Mary Poppins: The magic of flying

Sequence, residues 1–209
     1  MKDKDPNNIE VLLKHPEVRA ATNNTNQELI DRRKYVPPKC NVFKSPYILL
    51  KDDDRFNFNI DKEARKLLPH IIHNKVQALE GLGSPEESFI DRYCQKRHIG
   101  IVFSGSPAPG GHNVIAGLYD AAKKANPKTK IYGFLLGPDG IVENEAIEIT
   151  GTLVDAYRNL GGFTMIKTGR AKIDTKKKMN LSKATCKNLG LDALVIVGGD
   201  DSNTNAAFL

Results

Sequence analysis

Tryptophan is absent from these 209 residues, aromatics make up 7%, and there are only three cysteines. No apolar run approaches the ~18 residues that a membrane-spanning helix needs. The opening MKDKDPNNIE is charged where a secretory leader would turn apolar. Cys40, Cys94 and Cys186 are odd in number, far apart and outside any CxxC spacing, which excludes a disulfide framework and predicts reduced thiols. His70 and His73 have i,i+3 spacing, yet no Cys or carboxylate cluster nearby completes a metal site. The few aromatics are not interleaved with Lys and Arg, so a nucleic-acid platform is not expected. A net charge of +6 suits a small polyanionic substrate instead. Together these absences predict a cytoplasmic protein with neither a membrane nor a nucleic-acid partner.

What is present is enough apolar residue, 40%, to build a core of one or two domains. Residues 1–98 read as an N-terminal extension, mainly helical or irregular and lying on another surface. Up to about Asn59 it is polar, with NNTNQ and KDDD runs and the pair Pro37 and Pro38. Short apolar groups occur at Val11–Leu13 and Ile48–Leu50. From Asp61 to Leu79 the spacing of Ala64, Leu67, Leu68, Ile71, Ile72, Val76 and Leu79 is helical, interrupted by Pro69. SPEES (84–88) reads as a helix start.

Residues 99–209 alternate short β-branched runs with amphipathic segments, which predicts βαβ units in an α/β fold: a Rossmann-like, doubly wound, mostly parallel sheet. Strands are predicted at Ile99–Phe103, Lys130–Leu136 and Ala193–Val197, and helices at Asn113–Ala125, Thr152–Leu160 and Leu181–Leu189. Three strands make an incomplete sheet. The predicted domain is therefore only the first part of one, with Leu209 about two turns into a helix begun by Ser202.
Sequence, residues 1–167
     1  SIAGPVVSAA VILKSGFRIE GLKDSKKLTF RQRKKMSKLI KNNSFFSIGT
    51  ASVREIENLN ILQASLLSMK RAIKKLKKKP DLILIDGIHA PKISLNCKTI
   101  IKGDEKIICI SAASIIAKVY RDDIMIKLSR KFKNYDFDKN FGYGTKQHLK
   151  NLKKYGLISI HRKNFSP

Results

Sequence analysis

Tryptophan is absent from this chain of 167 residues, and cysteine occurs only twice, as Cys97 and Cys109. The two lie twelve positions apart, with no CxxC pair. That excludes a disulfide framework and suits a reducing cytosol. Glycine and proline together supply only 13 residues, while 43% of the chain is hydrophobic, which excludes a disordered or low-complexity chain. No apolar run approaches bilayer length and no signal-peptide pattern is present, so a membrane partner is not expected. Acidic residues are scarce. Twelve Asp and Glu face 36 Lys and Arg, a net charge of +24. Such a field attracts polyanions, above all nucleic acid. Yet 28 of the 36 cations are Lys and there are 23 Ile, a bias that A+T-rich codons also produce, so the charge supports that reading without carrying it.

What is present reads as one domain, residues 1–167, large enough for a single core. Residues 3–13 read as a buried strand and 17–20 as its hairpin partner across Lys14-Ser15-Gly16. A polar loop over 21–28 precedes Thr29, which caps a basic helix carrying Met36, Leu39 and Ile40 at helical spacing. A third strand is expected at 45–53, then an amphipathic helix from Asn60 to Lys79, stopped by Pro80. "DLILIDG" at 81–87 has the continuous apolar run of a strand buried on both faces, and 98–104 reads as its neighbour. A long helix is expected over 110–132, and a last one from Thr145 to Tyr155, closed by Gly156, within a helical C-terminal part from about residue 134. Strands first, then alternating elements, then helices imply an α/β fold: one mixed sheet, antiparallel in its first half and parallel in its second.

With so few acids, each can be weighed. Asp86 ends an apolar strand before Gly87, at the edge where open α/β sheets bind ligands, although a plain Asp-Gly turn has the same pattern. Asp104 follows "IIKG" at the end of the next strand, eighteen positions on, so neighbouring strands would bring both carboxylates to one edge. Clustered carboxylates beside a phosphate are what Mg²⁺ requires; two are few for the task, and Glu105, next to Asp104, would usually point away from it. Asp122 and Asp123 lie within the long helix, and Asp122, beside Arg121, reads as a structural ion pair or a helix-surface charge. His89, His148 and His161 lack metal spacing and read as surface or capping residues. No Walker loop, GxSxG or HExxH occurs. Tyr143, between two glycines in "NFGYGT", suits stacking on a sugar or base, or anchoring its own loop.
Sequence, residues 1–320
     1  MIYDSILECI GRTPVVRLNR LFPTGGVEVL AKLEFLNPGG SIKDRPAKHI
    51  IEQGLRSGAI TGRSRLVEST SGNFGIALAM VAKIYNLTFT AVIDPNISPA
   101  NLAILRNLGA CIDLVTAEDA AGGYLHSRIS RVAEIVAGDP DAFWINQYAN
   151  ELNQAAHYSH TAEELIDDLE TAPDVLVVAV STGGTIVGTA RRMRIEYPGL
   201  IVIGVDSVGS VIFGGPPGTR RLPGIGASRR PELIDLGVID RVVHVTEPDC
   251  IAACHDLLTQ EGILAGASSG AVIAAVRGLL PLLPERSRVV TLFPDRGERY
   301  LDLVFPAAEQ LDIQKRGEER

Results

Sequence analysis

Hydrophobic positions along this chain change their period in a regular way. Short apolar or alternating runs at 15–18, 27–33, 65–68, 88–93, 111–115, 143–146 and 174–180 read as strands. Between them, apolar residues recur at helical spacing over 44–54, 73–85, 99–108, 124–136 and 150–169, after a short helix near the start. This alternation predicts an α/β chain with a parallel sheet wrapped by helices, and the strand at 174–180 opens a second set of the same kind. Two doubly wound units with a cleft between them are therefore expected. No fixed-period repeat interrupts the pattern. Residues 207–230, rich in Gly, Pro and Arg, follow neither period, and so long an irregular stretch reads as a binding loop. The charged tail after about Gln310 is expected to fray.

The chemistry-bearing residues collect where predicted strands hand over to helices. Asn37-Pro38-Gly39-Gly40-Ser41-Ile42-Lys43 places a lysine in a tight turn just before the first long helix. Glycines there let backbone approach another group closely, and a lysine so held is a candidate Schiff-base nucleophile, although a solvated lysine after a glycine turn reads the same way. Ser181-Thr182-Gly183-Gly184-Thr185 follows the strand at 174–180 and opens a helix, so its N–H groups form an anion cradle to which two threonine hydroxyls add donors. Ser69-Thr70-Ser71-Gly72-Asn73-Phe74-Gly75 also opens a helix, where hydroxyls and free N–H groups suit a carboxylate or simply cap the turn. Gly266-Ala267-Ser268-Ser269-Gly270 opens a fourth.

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DSC02251The theater is a place where it appears as though anything is possible. Individuals embrace new characters and magical events take place. One magical aspect within the theater is the concept of flying; suddenly a character is soaring through the air enticing the audience members with every whirl. But how does this magical occurrence take place? Within Bethel’s spring musical, Mary Poppins, the two main characters Bert and Mary both fly at various times throughout the musical. Due to the rarity of flying within a Bethel musical, we decided to take a backstage look into the magical concept. Sophomore Joshua Maurer is playing the role of Bert within the musical and was able to give us a bit of his personal experience with flying. When asked about this experience, Josh stated, “The flying is interesting. When I first started out doing it at our first rehearsal, we had a special technician come in and teach us how to do it. We have on a harness to fly, the harness is very uncomfortable. The first night I think I flew for an hour or two and I was feeling it a little bit. The second night I flew for I think, three and a half hours and I was just a “crunched piece of toast” by the end of that night, it was just so much pain.” When asked if flying continued to be as painful, Maurer replied, “As I’ve done it night after night I’ve gotten used to it more. It’s still pretty painful, but that’s the biggest thing; it just crunches you and sucks the life energy out of you. It’s really fun to feel suspended in the air, but it definitely comes at a price; you feel it when you’re done.” Although the art of flying appears to take its toll, according to Maurer there are several other factors included with flying. He stated, “Another big thing is balance. You think, well I have to do all these things while I’m hanging up there, but actually it’s just a matter of moving your body part to affect your balance. I move certain part of myself forward and then go back and then I turn all the way around, and so it all really is heavily based in balance.” Maurer said it was a difficult concept to adapt to. “It was really hard because all of the movement is counter movement especially when you get upside down and you’re doing actions such as moving forward and backwards. You have to do the opposite of what you normally would do in that situation. For instance, if I’m doing a flip, I have to use my core and propel my body, well the exact opposite happens when you’re flying; you just sit there and you actually move like you’d be doing a backflip, but you go forward. It was really hard to get in my head, and it took me a long time to be able to get it without just hanging upside down and not moving.” So obviously, Maurer himself is doing large amounts of work while suspended in the air, but who are the other masterminds behind the scenes. He stated, “It takes two people to move me. There’s a guy who moves me up and down and then a person who travels me.” And how do these two individuals move an actor seemingly effortlessly through the air? Maurer stated, “With a pulley system, to launch me the pull guy will pull me in the air and the travel will rope me down the line; another pulley system that moves me horizontally across the ground. So they have to work together very closely to get a diagonal because you have to move up and across at the same time.” When asked what he thought was the most difficult aspect within the flying concept Maurer stated, “I think that the hardest part was for the flyers to work together with what I was doing and the momentum I was giving them in my different balance things, and then trying to work with each other to get the up, down, diagonals, and different things.” Although there are only a small group of individuals currently running the fly system, it was a large effort to begin the new theatrical aspect. When asked about the origination of the system Maurer stated, “ZFX is where the system came from. They brought everything; they had to put up a big truss and an I-beam and hang up everything to do with it because we had nothing. A professional came in and spent a whole day just putting up the system.” Although they now had a system, the actors could not simply begin flying, some training was required. Maurer stated, “The guy from ZFX trained us for a few hours and then he spent one more night with us doing extensive training and then we’ve been on our own since then. He was really professional and had been doing it for a long time, so we felt really good about it when he was there, a little scary when he left, but we feel pretty good about it now.” From much time and effort, the magical aspect of flying has been able to be brought to life on Bethel’s stage. The performances of Mary Poppins are March 17th, 18th, and 19th at 7:30 and March 19th at 1p.m. Tickets are on sale and are $15 for adults, and $13 for students and seniors.
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